Moss’s completion of the “Post Trial and Appellate Rights Advisement” constituted an implied authorization for such an appeal, and, when combined with counsel’s ethical duty of continued representation, he was required to pursue the appeal before this court on Moss’s behalf.
Slip op. at 6. Notably, Judge Erdmann’s majority opinion refers to Moss as “Moss,” while Chief Judge Baker’s dissent refers to her as “Appellant.” But the majority finds the “Post Trial and Appellate Rights Advisement” insufficient to authorize the appeal to CAAF:
ACCA. The language concerning a possible appeal to this court was informative only, and Moss’s exercise of her right to counsel before the ACCA cannot be construed to authorize a subsequent appeal to either this court or the Supreme Court.
Slip op. at 11. Surprisingly, the majority reaches this conclusion despite the parties agreeing otherwise:
The parties also agree that Moss’s completion of the “Post Trial and Appellate Rights Advisement” reflected her intent to appeal to this court and therefore constituted an implied authorization to proceed with the appeal.
Slip op. at 9. Instead, Judge Erdmann writes that “the attorney-client relationship was limited to representation before the ACCA.” Slip op. at 13. And he concludes that “since the decision to appeal to this court is personal to an appellant, and because Moss did not authorize the appeal, this court lacks statutory jurisdiction under Article 67(a)(3) and the appeal must be dismissed.” Slip op. at 14.
Chief Judge Baker’s dissent opens with some strong language:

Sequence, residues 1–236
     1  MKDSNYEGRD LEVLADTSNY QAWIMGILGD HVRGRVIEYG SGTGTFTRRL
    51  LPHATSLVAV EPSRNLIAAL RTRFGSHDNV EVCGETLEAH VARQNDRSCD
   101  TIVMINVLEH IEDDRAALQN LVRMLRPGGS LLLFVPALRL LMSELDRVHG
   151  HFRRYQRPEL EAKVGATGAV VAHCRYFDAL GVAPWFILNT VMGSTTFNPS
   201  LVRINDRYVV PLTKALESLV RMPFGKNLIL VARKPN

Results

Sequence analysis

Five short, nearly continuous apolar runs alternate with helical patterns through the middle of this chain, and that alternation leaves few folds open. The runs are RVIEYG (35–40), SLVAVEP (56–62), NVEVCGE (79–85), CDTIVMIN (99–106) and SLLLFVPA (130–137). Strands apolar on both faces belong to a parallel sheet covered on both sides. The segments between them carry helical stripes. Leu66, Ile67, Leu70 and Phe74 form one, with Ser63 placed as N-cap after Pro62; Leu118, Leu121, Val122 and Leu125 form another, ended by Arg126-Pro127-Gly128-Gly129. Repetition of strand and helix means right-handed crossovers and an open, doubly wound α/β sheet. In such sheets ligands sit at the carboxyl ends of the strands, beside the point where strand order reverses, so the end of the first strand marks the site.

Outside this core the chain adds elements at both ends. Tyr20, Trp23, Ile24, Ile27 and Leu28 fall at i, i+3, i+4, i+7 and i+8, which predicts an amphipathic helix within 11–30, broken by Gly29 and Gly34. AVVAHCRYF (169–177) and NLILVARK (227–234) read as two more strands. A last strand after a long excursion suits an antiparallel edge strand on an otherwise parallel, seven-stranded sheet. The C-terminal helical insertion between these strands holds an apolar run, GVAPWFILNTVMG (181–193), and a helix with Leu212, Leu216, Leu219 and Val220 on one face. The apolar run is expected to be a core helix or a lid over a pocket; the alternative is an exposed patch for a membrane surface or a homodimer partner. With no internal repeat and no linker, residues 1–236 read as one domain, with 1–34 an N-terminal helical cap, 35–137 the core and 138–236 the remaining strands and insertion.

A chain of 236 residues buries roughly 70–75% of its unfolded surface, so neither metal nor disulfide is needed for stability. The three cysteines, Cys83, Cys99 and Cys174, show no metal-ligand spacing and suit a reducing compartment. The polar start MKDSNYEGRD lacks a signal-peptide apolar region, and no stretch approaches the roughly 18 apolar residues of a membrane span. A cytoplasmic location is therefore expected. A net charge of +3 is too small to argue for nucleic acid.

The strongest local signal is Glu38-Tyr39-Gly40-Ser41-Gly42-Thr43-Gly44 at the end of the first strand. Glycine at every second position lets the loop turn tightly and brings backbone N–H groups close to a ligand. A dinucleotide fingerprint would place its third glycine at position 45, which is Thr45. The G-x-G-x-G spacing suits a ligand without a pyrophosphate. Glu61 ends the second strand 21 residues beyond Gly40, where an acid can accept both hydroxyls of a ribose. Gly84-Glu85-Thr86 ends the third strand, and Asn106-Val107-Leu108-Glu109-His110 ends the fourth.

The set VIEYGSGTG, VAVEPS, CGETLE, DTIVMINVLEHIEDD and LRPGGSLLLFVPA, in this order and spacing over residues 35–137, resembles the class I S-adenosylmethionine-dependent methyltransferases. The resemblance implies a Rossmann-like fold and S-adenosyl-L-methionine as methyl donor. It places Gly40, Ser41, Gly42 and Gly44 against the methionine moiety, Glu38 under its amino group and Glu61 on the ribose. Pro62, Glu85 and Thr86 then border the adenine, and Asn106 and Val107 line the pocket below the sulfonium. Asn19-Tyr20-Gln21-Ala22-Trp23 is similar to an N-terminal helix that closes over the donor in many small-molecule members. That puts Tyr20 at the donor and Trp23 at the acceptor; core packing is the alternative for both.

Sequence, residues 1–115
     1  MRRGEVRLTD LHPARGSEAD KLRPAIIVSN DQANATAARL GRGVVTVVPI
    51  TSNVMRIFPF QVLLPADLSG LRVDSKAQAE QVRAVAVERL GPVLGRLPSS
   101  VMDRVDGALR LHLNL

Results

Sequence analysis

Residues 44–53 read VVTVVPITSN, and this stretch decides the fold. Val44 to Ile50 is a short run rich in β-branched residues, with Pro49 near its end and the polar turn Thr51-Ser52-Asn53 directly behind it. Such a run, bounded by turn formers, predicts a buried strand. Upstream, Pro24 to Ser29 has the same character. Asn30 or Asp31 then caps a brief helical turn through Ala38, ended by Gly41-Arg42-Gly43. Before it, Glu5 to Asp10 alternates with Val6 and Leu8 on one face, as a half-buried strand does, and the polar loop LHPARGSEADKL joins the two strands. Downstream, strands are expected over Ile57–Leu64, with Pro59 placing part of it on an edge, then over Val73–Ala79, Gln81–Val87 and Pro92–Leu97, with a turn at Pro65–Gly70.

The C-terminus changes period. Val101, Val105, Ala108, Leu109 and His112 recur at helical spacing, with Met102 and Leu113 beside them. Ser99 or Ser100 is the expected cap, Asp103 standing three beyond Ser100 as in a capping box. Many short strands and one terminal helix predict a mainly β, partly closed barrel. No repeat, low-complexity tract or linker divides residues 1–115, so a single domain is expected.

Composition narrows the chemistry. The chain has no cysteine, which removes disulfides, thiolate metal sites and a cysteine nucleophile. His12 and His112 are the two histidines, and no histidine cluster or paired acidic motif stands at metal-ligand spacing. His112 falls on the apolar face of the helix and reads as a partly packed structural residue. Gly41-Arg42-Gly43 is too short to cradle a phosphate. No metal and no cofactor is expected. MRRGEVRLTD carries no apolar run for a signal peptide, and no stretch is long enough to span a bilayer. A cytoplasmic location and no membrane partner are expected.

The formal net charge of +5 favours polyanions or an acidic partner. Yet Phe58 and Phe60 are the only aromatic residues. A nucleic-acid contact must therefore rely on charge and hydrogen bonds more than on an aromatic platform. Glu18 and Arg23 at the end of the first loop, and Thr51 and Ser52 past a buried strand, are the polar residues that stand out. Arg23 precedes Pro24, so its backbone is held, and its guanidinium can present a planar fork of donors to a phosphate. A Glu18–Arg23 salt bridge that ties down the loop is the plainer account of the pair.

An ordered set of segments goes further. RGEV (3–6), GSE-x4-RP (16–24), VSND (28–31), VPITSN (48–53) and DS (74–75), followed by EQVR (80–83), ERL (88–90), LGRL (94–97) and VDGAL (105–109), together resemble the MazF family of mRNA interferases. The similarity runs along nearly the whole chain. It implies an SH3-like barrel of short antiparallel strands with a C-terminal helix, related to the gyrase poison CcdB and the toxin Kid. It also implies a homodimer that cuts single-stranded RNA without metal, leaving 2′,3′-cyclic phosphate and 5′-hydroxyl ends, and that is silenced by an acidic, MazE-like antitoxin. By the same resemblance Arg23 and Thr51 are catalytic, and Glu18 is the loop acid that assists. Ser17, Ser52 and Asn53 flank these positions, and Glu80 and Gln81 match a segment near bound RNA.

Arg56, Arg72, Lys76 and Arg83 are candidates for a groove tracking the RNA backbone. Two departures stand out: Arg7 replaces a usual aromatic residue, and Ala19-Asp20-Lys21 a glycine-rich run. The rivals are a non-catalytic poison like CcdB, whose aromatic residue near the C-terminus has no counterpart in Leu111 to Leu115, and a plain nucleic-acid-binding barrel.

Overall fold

The Court reaches for a jurisdictional issue the parties did not raise or appeal and that we need not decide. In doing so the majority reaches an erroneous conclusion that dramatically curtails the jurisdiction of this Court to provide appellate and civilian review of trials in absentia.
Diss op. at 1. He and Senior Judge Effron would decide the case on the IAC issue (though there is no indication of how they would rule), and their concern for ensuring civilian appellate review of courts-martial is a major theme of the dissent. “Civilian review is a sine qua non for the credibility of the military justice system,” he writes on page 5 of the dissent. And, he contrasts the ability to try a case in absentia with the inability to appeal a case in absentia:
Further, the majority’s analysis is contradictory and fails to recognize or address the tension between the exercise of jurisdiction to conduct trials in absentia and the asserted lack of jurisdiction to permit appeals in absentia. The UCMJ contains no express prohibition on the actions that a defense counsel may take on behalf of a client to include representation during a trial in absentia as well as an appeal. Nonetheless, the majority finds that a trial in absentia with a defense counsel who is not specifically authorized to represent the accused has jurisdiction, but an appeal of that trial where an accused cannot be shown to have authorized the appeal explicitly deprives this Court of jurisdiction. I do not see how this result is consistent, how it involves jurisdiction, or how it is fair. But that is the result. A defense counsel can represent an absent accused at trial but not on appeal.